In a recently announced enforcement action (In the Matter of Acamar Global Investments, LLC and Rudolph A. Martin, IAA Release No. 4050, March 18, 2015), a former SEC-registered investment adviser and its principal were sanctioned for making material misstatements about the adviser’s amount of assets under management and performance regarding its investment models.

According to the SEC’s allegations in the matter, the adviser stated that it had more than $150 million of assets under management when it had less than $1 million. The adviser made the misstatement in order to maintain registration with the SEC. Also, according to the SEC’s allegations, the adviser stated on its website and in promotional materials performance numbers of its investment models but failed to state that the performance numbers were not based on actual trading. In addition, the one client of the adviser was convinced to invest in the adviser’s hedge fund which promptly lost over 90 percent of its value.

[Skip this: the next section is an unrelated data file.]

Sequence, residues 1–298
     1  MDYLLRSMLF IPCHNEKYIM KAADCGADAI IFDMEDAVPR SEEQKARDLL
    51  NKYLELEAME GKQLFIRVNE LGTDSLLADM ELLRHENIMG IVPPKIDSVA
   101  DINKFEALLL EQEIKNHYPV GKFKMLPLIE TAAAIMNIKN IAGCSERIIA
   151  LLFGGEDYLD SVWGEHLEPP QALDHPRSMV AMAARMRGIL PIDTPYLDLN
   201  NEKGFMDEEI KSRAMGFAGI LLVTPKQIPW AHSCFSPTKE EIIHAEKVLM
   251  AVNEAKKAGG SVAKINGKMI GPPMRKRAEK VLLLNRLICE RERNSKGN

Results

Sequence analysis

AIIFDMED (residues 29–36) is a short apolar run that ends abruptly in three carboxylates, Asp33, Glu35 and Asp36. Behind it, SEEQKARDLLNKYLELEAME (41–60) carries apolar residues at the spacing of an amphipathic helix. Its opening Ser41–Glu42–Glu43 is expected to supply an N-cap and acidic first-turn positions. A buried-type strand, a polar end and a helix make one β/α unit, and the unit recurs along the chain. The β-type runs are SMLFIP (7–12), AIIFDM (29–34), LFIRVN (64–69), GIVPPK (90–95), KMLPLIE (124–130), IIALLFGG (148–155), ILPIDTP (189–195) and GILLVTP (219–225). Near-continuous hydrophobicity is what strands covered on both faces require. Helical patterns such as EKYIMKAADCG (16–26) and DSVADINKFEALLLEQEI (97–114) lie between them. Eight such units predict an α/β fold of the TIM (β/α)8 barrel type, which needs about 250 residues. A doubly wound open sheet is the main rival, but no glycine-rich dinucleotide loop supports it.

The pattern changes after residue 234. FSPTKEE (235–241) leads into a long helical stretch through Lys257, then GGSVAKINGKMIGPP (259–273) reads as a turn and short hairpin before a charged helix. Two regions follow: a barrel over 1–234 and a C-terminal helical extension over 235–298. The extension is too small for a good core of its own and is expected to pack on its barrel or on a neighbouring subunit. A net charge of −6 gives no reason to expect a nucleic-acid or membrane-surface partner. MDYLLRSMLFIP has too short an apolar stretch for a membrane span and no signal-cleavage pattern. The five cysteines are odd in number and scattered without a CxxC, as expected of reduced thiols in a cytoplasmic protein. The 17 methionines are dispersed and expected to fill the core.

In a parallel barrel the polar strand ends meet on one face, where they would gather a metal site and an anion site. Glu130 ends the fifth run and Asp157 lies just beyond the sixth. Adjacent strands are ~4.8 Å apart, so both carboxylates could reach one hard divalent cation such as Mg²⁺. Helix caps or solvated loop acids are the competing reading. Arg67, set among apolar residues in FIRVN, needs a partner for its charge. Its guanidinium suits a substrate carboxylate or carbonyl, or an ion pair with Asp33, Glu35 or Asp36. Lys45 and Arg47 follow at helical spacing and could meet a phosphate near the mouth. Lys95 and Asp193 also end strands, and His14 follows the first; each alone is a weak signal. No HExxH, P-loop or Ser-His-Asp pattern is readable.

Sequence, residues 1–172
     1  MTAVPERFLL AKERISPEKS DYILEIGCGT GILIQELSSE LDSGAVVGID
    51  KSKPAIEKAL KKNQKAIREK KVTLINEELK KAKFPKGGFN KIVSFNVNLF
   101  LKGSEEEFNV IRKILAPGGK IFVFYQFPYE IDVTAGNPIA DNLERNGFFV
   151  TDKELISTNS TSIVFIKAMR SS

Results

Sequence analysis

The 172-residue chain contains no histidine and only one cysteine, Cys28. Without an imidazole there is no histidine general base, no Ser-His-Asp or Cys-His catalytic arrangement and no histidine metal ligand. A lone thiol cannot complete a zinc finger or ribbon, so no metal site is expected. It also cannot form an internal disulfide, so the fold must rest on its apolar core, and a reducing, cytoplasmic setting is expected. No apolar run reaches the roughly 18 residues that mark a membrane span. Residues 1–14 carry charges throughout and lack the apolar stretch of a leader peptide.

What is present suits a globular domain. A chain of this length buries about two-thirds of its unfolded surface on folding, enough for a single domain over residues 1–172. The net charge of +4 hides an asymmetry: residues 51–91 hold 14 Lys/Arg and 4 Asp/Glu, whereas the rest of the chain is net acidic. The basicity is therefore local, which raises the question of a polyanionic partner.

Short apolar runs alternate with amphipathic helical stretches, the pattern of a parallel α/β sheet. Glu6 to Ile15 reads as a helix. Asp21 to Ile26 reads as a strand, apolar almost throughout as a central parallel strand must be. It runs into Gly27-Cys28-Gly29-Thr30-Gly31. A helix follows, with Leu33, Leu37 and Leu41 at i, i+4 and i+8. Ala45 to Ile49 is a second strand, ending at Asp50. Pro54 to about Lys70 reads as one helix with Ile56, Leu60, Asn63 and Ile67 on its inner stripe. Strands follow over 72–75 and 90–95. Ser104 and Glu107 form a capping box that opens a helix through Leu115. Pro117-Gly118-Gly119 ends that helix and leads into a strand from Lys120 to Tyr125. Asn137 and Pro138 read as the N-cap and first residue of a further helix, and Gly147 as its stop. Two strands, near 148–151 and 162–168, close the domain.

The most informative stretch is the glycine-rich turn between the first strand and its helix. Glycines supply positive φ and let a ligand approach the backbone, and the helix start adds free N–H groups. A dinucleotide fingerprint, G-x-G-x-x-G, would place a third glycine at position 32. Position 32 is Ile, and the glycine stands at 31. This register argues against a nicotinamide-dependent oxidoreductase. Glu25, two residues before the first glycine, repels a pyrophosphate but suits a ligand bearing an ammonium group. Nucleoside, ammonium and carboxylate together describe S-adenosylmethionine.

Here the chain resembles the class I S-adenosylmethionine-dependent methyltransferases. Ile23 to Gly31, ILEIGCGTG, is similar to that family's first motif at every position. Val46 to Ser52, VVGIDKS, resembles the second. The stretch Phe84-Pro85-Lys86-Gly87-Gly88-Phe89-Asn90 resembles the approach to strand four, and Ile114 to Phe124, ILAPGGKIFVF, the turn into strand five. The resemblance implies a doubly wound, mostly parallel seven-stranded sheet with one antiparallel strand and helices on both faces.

The adviser was registered with the SEC until 2014 when it became de-registered. The adviser did not have the required amount of assets under management (registration requires more than $100 million of AUM) to continue registration with the SEC. At the time of de-registration, the adviser’s assets under management was about $24.

As a result of the misstatements of material fact, the adviser and its principal violated the “anti-fraud provisions” under Sections 206(1) and 206(2) of the Investment Advisers Act of 1940 and with respect to false statements about its hedge fund, violations of Section 206(4) and Rule 206(4)-8 under the Advisers Act.

The parties agreed to settle the enforcement matter by way of an SEC enforcement order that prohibits the adviser and its principal from any further violations of the anti-fraud provisions, bars the principal from association with, among other entities, an investment adviser, and serving in any capacity with, among other entities, an investment adviser.